Deal reached to take down Klamath River dams

It’s not every day that the Bush administration agrees to a plan that may actually help the environment. This event is even more of a huge deal because it concerns a river that’s been the focal point of a heated battle.

Yesterday, the Bush administration and PacifiCorp, a hydroelectric company, agreed to a Klamath River dam removal plan. While the plan doesn’t exactly make dam removal along the California-Oregon border a done deal, pending further studies and discussion over the next four years, the four dams in question could be removed as early as 2020.


From today’s San Francisco Chronicle:

The agreement…does not commit to the removal of the dams. Instead, it provides a framework for the various interest groups, government agencies and businesses to collaborate on environmental and economic studies. The plan, as it stands, is to finalize the agreement in June and then conduct studies until 2012, when the secretary of the interior would make a final decision.


“If the data collected in the next four years shows that removing the four dams is environmentally and economically prudent, then the target date for removal is 2020,” said Secretary of the Interior Dirk Kempthorne.”

While the deal is tentative, environmentalists are confident it will happen and laud the agreement as a major step forward in preserving the Klamath River's salmon population.

For those of you with unfamiliar with the Klamath River’s ongoing saga, let’s back up: The Klamath River, which runs through Oregon and California, once contained hundreds of thousands of salmon, which several American Indian tribes and a commercial fishery relied on. In 1909, construction of dams began, eventually blocking 300 miles of salmon spawning habitat.

A firestorm of political debate happened in 2002. Due to a drought, the Klamath River was experiencing low levels of water; scientists said that releasing water for irrigation (rather than keeping water flowing in the river itself) would adversely affect salmon populations, and would be in violation of the Endangered Species Act. Oregon's (mostly Repubiican) farmers were furious, leading to the intervention of Karl Rove and Dick Cheney. Republican Senator Gordon Smith was in a close re-election campaign, so Rove and Cheney used their influence to get water released to the farmers—a decision that resulted in the die-off of more than 33,000 salmon. Environmentalists and American Indians were outraged.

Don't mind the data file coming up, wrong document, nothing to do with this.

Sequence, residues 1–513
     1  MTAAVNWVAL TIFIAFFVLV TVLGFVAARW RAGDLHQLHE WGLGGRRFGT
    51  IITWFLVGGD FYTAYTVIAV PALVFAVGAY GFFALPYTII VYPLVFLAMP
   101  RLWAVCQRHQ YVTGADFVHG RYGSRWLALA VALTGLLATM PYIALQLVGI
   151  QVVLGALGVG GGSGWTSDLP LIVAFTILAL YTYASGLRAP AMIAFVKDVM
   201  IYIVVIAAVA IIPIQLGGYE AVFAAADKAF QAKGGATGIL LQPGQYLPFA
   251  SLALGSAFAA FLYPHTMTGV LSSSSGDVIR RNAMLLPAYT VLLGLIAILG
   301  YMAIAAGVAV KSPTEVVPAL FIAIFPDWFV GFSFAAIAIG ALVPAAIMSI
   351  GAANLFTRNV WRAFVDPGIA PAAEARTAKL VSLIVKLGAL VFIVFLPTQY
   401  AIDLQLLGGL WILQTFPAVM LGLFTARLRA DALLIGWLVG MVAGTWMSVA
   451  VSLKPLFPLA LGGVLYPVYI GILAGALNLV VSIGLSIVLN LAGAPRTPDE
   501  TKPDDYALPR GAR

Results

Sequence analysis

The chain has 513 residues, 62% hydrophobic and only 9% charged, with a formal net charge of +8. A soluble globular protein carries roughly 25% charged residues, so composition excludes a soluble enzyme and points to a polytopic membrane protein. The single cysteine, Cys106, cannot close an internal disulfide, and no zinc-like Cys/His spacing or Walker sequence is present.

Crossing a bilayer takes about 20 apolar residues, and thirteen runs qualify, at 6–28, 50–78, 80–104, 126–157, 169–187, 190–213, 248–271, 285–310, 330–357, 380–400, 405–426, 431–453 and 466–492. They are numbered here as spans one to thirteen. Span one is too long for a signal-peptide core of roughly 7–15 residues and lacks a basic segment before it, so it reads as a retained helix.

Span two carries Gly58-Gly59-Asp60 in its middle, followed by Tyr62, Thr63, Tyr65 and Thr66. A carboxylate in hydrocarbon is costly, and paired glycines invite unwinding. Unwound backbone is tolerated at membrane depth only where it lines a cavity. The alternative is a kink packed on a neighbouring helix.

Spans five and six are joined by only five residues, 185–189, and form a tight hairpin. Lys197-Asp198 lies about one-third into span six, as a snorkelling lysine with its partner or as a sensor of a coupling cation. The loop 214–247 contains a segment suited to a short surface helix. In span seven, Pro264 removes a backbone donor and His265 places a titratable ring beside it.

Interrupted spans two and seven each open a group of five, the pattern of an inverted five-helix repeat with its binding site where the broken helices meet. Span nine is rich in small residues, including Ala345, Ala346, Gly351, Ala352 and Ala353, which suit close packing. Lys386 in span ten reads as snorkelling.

More from the San Francisco Chronicle:

The hydroelectric dams warmed the river water, allowing destructive parasites and blooms of toxic, blue-green algae to contaminate the water even below the dams. Water diversions to cities and for agriculture exacerbated the problem, according to fishery biologists.


The number of salmon now in the river is less than 10 percent of the historic population, and the fish are continuing to disappear, according to biologists and fishery experts.

It’s easy to see why fishing groups, tribes, and environmentalists are excited that the Bush administration and PacifiCorp (which is indirectly contrlled by Warren Buffett) are finally starting to do something to resolve this conflict. However, some are worried that the years it will take to study the impact of removal, and the destruction itself, could be too late for the salmon, which might not have time for the preparation of environmental impact statements and additional legislative heel-dragging.

Here’s hoping that a new administration will bring dam removal about soon—while the Klamath’s salmon still have a shot.

Meanwhile, California Senator Dianne Feinstein says she's brokered a deal to restore a dry stretch of the San Joaquin River where salmon—which used to spawn as far south as Malibu Creek—once thrived. If that and the Klamath breach happens, all that's left to save the west's salmon is to tear down four dams on the lower Snake River in Idaho that provide little electric power while killing innumerable fish. Oh, and end fish farming. And stop Pebble Mine. And...